Yale School of Management

Ana Victoria Gil ’21

Master of Advanced Management

  • Ana Victoria Gil headshot
  • person holding a dog
    With dog, Woody
  • Group of three people holding a sign that reads #GNW2019
    With classmates during Global Network Week
  • two people standing in a crowd outside
    At a march for climate change in New York City before the pandemic
  • group of campers in front of a sign outdoors
    With family during a pre-pandemic camping trip
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As an MBA student with a background in cognitive science, I wanted to explore the intersection between business and human behavior. But I was unsure how to bridge the gap between these two fields, and how to turn my interests into a career.

Luckily, I had the opportunity to attend Yale SOM’s Global Network Week. I took part in the behavioral management courses and knew that I had found precisely what I needed to take my career in a direction that I’m truly passionate about. The classes were fascinating. They bridged the disciplines I was most interested in and gave me the opportunity to immerse myself in the intersection between business and cognition, and translate that into original business insights. During the week, I also learned about the MAM program and its flexible curriculum, and decided to apply.

The MAM program lets us design our own experience in a way that no other program would. It has also given me access to renowned faculty in behavioral management and to innovative thought hubs like the Center for Costumer Insights. The variety of courses is incredible, but what I find even more unique is the interdisciplinary approach. I’m planning to take a course on Power, Race, and the Environment that will include students from all of Yale’s graduate and professional schools sharing their perspectives. This type of interdisciplinary approach to learning is incredibly powerful. It helps situate our knowledge within a real-world context, and that’s important, given the multidimensional nature of the challenges we’re all going to face as business leaders.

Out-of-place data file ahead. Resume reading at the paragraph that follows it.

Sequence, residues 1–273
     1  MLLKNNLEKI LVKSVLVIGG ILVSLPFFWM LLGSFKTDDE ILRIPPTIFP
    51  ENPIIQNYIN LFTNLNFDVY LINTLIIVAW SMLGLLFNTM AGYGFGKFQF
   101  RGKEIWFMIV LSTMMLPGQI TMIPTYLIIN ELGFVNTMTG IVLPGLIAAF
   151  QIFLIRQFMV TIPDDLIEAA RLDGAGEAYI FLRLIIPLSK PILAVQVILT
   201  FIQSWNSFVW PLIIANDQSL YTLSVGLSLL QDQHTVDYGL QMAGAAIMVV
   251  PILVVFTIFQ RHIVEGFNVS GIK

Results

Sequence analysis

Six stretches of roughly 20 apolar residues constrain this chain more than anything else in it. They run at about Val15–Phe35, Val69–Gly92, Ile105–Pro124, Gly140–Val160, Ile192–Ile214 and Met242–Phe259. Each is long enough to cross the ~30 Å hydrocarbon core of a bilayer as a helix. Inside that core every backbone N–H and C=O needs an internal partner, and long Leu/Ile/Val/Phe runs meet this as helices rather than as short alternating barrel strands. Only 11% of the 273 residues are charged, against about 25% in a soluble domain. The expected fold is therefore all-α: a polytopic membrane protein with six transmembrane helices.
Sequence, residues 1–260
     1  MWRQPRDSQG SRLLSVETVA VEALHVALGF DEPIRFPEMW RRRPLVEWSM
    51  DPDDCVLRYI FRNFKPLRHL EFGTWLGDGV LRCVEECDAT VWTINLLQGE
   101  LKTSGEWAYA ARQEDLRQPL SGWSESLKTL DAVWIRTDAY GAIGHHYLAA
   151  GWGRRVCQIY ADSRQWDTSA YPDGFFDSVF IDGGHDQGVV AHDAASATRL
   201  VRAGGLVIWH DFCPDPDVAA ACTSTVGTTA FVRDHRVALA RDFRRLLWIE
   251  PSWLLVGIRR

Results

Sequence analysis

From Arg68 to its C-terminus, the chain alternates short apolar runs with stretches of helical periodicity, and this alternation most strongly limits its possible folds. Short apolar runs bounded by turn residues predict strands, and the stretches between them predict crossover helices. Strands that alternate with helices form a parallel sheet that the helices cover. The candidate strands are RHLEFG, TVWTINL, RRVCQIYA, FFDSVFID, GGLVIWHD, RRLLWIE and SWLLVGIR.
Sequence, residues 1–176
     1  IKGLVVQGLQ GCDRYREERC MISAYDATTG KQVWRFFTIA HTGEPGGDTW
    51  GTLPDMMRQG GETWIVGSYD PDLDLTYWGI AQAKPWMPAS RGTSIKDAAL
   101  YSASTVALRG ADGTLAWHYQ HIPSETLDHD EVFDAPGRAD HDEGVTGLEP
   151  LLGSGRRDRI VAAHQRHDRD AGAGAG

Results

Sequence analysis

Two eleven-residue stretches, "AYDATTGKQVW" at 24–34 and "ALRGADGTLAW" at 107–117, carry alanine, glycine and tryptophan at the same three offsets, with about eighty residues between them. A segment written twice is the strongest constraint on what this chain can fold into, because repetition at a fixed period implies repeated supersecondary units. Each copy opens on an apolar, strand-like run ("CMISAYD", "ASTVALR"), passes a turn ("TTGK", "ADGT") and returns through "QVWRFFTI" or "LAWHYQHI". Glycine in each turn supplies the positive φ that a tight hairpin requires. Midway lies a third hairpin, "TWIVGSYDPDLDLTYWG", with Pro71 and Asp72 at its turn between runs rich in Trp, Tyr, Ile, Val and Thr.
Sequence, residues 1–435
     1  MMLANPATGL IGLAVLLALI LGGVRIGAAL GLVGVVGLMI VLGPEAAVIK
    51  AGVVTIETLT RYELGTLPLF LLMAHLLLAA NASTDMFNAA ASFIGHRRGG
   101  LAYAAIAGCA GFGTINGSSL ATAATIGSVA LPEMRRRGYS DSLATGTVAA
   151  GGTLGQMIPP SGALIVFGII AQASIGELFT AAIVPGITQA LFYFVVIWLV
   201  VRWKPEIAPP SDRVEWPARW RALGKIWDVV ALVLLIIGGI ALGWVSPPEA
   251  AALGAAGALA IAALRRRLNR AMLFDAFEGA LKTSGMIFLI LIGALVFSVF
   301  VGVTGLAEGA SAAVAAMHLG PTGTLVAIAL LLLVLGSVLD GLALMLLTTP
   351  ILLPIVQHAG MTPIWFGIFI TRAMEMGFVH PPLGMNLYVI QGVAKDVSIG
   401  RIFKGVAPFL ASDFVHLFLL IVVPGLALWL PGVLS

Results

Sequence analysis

I’m continually awestruck by Yale faculty and alumni. Every time there’s a Yale speaker series, I’m surprised by the network of speakers, many of whom I recognize as leaders in their respective fields. I also catch myself sheepishly grinning when I see faculty on the news, which is a common occurrence, but somehow still surprising and inspiring every time.

The most surprising thing of all, however, is the readiness with which these faculty members make themselves available to us. These are, literally, the leading experts in their respective disciplines, and yet they actively give us time outside of class and encourage us to reach out.

I find this especially meaningful in the time of COVID-19. It’s challenging to have spontaneous post-class conversations in a hybrid learning environment, and I’m grateful that our faculty have strived to maintain an “open office door” in a virtual space.

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